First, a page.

SOME NOTES FROM THE ZOO. (1898, February 19). The Sydney Mail and New South Wales Advertiser (NSW : 1871 - 1912), p. 388. Retrieved from 

LOT 4 NARRABEEN, 249 ACRES OF LAND, upon which is erected a substantial and well finished STONE and WB RESIDENCE, which contains extensive accommodation, also a number of outbuildings and a large quantity of building materials

The Property is known as "INGLESIDE," the residence of Mr WATKINS and formerly the residential portion of the Powder Company s property. There is a large brick and cement reservoir, with a capacity of 1,000, 000 gallons The water is laid on to the House Stables etc.

A SPLENDID BLOCK FOR SUBDIVISION PURPOSES having a large frontage to Lane Cove and Pittwater roads, and road leading to Narrabeen. Immediately opposite Mr Larkin's Orchard THE TITLE IS TORRENS. Plan on View at the Salerooms. Advertising (1912, January 20). The Sydney Morning Herald (NSW : 1842 - 1954), p. 25. Retrieved from 

LABOURERS for Powder Works, Narrabeen. Apply to John Taylor, on the Works, Thursday next. Advertising (1884, December 31). The Sydney Morning Herald (NSW : 1842 - 1954), p. 3. Retrieved from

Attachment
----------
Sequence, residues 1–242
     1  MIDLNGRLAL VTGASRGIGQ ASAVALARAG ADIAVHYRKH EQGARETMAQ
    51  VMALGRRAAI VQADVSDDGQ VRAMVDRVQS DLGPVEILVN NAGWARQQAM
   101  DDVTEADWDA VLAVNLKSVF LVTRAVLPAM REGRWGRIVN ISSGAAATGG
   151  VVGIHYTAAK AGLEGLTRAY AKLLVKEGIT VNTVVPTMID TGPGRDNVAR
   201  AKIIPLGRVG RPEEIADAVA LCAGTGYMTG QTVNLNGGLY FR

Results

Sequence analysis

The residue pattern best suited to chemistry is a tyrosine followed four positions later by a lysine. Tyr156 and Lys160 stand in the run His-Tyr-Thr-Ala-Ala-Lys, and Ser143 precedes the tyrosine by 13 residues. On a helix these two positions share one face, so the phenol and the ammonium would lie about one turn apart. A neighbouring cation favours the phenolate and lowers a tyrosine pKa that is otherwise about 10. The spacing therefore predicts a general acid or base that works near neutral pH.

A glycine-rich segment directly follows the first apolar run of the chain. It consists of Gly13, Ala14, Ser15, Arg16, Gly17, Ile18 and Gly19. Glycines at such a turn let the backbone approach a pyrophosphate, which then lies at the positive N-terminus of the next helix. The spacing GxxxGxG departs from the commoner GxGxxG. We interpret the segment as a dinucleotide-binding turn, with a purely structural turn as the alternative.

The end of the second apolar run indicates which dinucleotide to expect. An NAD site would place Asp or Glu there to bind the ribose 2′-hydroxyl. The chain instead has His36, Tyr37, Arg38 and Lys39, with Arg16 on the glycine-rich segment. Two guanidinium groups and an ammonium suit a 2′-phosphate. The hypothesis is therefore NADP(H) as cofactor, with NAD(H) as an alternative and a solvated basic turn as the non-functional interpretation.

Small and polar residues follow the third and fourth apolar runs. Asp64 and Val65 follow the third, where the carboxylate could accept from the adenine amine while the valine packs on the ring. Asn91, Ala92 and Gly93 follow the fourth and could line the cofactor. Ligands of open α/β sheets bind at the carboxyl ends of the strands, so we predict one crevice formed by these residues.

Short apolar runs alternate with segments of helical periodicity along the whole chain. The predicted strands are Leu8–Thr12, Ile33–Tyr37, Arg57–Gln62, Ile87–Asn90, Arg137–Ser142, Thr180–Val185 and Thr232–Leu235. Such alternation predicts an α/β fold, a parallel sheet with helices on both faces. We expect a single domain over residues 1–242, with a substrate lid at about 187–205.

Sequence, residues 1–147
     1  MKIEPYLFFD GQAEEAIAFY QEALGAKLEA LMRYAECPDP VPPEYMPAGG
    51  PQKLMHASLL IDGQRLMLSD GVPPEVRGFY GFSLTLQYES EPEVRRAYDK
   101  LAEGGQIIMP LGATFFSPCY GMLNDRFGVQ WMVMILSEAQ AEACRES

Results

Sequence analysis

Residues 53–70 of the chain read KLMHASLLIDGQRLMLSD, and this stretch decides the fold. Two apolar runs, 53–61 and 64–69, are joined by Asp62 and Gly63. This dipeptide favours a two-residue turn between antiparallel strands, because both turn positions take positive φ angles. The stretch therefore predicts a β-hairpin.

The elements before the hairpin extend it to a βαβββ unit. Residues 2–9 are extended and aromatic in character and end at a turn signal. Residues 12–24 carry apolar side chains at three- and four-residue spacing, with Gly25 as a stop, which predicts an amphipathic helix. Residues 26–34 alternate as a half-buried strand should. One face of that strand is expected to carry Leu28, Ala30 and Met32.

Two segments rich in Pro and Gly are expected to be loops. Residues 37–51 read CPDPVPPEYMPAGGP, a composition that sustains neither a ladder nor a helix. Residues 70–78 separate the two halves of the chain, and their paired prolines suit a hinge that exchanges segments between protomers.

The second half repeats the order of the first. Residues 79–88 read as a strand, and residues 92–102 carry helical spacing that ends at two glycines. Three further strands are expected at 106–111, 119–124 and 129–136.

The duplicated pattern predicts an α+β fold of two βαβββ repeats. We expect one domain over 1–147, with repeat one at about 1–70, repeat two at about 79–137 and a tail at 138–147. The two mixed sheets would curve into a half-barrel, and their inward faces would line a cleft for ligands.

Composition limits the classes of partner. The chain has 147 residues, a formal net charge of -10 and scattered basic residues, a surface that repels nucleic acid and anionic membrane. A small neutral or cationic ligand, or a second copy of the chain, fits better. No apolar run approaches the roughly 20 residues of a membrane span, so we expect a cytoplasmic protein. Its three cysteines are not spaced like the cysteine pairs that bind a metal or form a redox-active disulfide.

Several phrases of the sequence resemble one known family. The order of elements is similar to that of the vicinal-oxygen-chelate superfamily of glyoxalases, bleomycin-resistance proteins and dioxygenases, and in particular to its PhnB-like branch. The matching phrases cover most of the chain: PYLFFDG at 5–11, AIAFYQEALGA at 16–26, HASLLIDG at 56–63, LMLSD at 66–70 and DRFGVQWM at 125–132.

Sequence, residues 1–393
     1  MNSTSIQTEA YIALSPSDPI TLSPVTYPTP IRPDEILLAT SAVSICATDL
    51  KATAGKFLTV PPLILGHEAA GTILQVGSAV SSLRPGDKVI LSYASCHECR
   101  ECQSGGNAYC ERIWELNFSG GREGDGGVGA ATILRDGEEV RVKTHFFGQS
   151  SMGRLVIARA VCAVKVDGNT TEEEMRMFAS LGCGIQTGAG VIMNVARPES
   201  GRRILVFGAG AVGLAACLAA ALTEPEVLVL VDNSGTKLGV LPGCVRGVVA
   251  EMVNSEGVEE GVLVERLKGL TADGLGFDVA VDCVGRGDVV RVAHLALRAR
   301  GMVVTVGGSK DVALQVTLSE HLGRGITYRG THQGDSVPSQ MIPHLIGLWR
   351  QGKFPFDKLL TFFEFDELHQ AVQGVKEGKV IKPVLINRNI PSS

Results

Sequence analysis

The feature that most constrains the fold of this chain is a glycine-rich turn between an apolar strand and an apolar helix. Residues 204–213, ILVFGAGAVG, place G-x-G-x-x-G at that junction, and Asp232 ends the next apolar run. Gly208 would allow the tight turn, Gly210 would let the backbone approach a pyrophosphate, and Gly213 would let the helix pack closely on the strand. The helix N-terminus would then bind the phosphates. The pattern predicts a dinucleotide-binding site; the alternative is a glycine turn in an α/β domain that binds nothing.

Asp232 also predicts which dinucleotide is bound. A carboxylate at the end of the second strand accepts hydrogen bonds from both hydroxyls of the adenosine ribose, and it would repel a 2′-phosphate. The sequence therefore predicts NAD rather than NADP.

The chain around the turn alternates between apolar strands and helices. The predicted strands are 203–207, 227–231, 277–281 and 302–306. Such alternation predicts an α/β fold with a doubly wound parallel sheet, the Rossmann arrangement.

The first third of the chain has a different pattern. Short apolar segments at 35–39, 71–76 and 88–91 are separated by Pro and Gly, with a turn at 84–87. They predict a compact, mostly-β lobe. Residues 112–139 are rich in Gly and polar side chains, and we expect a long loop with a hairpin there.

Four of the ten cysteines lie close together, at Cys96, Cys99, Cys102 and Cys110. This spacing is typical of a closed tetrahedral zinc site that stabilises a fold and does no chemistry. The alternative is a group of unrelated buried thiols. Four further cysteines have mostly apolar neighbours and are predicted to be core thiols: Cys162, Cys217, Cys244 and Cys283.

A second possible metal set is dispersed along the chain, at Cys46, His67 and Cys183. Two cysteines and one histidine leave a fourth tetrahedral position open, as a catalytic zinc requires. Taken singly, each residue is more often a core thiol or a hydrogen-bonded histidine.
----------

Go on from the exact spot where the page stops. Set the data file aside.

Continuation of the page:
Born 1866 or 1865
Came to Australia, unassisted passage, per
LARKIN  ISAAC age: 22 SEP 1887 ORIZABA Port: B

The Narrabeen Bore. 
An application for a grant out of the prospecting vote was made to the' Minister for Minister for Agriculture on the 15th instant by a deputation, headed by Mr. Bums, M.L.A., and representing a syndicate which is projecting Narrabeen for natural gas and coal. In support of file application it was urged that a' sum of £7000- — all that could be raised by.the company— had been expended in the operations. Natural gas had been found, and the only question to be determined was its volume. Favourable geological reports bad been furnished to the Minister by Mr. Slee and Mr. David, and the resumption of operations would be of value to the department in ascertaining value of the coal deposits, and in enabling it to complete of coal strata. The bore was on property adjacent to Crown lands, and if the venture proved a success — in which event the Crown lands would be increased in value — the company was prepared to repay the amount it might receive from the Government. In replying to the application, Mr. Sydney Smith pointed out that that very morning there had been received a deposit from a company formed to prospect for coal at Robertson's, better known as Cremorne Point, and a diamond drill had been granted under the usual conditions. He promised, however, to consider the case submitted, and to give a definite answer to the deputation in a few days' time. The Narrabeen Bore. (1890, August 23). The Sydney Mail and New South Wales Advertiser (NSW : 1871 - 1912), p. 442. Retrieved from

Another Avalon Coal Mining Application - Advertising (1895, December 19). The Sydney Morning Herald (NSW : 1842 - 1954), p. 2. Retrieved from